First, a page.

The accuracy is < 5 meters when using ECDIS.
  • Eurofix
    This system is bound to LORAN-C, which will not be available in the near future.
  • EGNOS
    Usable, but you should expect shadowing effects due to the low above horizon orbit of the geostationary satellites (like we did not know that 😉 ). More information is avaiable through the ESA website at http://www.egnos-pro.esa.int/index.html93.
  • ALF
    Was discontinued 2005.
  • SAPOS (HEPS / Satellite positioning service of the German land survey)
    Should be available. But it is not free. More information can be obtained here http://94www.sapos.de95.
    The town of Berlin also has information about SAPOS: http://www.stadtentwicklung.berlin.de/geoinformation/sapos/
    Also not a free service of the town of Berlin, but if the fees are not that high, it is worth trying this one out.

Seems we are stuck with the services provided by the German land survey and the federal waterways administration. Let’s try both! But wait, there is still the problem: How do we get the data in our GPS receivers?

The RTCM standard provides a solution for that. It feeds the correction signal either from internal or external receivers into our DGPS enabled GPS receiver (through a serial interface for instance) – and we are good to go.

For the medium wave solution (MW-DGPS) there seem to be a couple of receivers out there targeting semi-professional (that’s probably what I want) to professional users from Trimble, Sitex, Garmin, Magellan, Leica and Thales (prices ranging from 300 Euros to way beyond what I would like to spend).

For sure those receivers can also deal with DGPS data delivered through other sources (like the internet) – but I would like to find a low cost (approx. 100 Euro) solution that is compact in size and does not require additional antennas for reception. A mobile data connection would be most convenient for me.

So the next installment will probably be about DGPS devices and how to feed them the data.

Good night and don’t get lost 😉

Links:

On the weekend I had some time to go hunting for WAAS / EGNOS satellites. Equipped with a GPS receiver (the Holux GPSlim240) I went to the highest (well – in Berlin it won’t get any better than the Teufelsberg with 115 meters) mountain around and looked if I could receive any of the EGNOS satellites. Unfortunately none of them (not AOR-E, nor IOR-W) showed up despite the good position (all visible obstables had a ground elevation below 10 degrees).

(above you see the position of the EGNOS satellites I should have seen in Berlin at that time)

Well, this makes EGNOS unusable – at least for city streets – where you have a shadowing effect through surrounding property that normally does not give you the nice conditions I had on the Teufelsberg. Seems I have to live with an accuracy of 15 meters for now – if there are enough satellites around to determine a position at all!

Let’s take a closer look at the shadowing effect. After getting home I have taken the Trimble Planning Software and prepared 2 examples (all screen shots are generated with this tool):

In the first example I have chosen a 30 degree shadowing all around like that:

How about the number of GPS satellites you can receive with this shadowing during a whole day?

The visibility does not drop below 3 satellites needed for a 2D-fix, but for a 3D-position fix you will have problems around 3 and 4 p.m. and 2 and 3 p.m. (as a side note: conventional consumer GPS receivers have a suboptimal accuracy when it comes to 3D-fixes – jumping up and down tenth of meters is sometimes only a matter of seconds).

So much for the visibility. How about the accuracy of the signal? Here the “Dilution of Precision” or DoP comes into play, which gives you a “soft” scale on which to rate the current accuracy. The basis for this position quality indicator is each satellite’s location relative to the other satellites in the current constellation and their position in relation to the GPS receiver.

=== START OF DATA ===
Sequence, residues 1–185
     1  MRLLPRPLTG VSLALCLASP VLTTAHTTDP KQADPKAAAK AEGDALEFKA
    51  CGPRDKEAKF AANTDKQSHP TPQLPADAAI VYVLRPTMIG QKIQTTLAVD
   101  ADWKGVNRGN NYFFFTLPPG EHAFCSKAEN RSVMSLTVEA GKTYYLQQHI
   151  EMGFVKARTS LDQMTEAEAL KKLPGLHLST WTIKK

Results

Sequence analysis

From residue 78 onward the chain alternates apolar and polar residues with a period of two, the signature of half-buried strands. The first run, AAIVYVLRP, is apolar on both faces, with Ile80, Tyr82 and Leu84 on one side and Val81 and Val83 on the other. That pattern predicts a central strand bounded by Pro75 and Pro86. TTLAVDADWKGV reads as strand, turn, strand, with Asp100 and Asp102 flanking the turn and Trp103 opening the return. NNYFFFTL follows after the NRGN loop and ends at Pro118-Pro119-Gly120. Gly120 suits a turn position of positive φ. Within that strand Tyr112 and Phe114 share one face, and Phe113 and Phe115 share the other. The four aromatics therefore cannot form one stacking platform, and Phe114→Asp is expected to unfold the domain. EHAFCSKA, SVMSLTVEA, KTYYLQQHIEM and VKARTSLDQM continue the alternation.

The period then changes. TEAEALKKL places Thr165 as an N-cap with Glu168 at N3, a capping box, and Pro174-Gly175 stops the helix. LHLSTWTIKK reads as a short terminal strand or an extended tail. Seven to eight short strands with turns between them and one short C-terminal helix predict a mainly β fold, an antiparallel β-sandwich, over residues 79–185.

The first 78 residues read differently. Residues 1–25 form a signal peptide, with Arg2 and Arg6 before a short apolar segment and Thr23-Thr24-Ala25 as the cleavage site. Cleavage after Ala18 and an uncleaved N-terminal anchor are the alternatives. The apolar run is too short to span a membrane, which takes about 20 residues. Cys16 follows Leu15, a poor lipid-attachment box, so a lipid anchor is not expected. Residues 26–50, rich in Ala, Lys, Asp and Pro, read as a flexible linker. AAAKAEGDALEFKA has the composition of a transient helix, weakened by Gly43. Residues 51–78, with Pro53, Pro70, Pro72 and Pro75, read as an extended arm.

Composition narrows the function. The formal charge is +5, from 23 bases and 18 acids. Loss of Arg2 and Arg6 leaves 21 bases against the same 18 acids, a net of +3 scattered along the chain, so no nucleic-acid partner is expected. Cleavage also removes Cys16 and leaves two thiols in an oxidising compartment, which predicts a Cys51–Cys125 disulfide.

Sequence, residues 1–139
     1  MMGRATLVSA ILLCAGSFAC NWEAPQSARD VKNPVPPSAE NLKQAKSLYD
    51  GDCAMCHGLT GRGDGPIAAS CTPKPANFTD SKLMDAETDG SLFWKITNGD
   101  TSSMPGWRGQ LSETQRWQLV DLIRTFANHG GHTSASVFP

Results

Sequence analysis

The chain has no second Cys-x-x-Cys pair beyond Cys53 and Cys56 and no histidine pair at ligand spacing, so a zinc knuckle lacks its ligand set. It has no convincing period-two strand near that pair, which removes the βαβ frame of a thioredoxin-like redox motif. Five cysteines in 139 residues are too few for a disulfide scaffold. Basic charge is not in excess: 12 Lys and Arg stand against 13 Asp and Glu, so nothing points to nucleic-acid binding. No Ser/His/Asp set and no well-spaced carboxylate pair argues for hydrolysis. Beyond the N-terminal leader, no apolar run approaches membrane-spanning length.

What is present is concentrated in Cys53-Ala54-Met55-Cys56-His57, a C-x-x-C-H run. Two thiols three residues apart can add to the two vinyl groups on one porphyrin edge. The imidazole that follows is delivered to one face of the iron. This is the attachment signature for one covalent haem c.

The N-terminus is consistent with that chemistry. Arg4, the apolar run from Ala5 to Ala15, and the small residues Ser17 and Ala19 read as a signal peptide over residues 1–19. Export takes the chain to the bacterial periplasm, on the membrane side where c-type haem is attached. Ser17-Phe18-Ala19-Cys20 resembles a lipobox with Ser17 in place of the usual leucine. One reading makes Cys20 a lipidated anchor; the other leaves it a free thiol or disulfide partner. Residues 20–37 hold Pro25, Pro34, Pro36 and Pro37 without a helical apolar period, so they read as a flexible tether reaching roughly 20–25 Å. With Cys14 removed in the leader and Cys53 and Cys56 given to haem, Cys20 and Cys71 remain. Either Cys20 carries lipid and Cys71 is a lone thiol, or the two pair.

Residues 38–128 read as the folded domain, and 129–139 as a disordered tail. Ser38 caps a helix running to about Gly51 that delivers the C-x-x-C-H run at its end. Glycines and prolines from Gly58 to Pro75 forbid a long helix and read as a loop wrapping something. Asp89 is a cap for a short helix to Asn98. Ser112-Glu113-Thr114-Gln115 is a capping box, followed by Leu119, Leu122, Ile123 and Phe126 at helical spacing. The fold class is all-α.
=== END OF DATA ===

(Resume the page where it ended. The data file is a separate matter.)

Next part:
Here are the DoP values with their rating and description:

DOP Value Rating Description
1 Ideal This is the highest possible confidence level to be used for applications demanding the highest possible precision at all times
2-3 Excellent At this confidence level, positional measurements are considered accurate enough to meet all but the most sensitive applications
4-6 Good Represents a level that marks the minimum appropriate for making business decisions. Positional measurements could be used to make reliable in-route navigation suggestions to the user
7-8 Moderate Positional measurements could be used for calculations, but the fix quality could still be improved. A more open view of the sky is recommended
9-20 Fair Represents a low confidence level. Positional measurements should be discarded or used only to indicate a very rough estimate of the current location
21-50 Poor At this level, measurements are inaccurate by as much as half a football field and should be discarde

(taken from Wikipedia)

Below you have the DoP precision graph for Berlin for that day (don’t ask me which was the exact position – it must have been something around N52.5 and E13.3):

The moderate precision level in average does did not provide much confidence to me.

On to the second example: I have chosen a valley shadowing of about 60 degrees which is still (thanx to a colleague for the hint) very optimistic when roaming the streets of Berlin:

The effect was foreseeable: The satellites vanish…

…which has a negative (or positive – depending on how you like to see it) impact on the DoP:

But there is still hope! The local mass transit carrier (BVG) and the shipping carriers also had that problem – and they solved it using MW-DGPS, SAPOS and RDS to access more accurate DGPS data, right? So how about John Doe? Can we get into the exclusive DGPS circle without spending large amounts of money on industrial strength equipment?

More on this in the next installment on GPS accuracy.
Have a nice weekend – and don’t get lost 😉

Links:

  1. Holux Technology Inc., “GPSlim 240”, August 19, 2007, http://www.holux.com/JCore/en/products/products_content.jsp?pno=253
  2. Luisenstädtischer Bildungsverein e.V., “Berge und Erhebungen”, August 19. 2007, http://www.luise-berlin.de/Novitaeten/landschaften/TEXTE/BERGE.HTM
  3. Dr. Anja Köhne und Dr. Michael Wößner, “GPS-Infos”, August 19. 2007, http://www.kowoma.de/gps/waas_egnos.htm
  4. Dr. Anja Köhne und Dr. Michael Wößner, “Sources of Errors in GPS”, August 19. 2007, http://www.kowoma.de/en/gps/errors.htm
  5. Trimble Navigation Limited, “Trimble Planning Software”, August 19. 2007, http://www.trimble.com/planningsoftware_ts.asp?Nav=Collection-8425
  6. Wikipedia, “Dilution of precision (GPS)”, August 19. 2007, http://en.wikipedia.org/wiki/Dilution_of_precision_(GPS)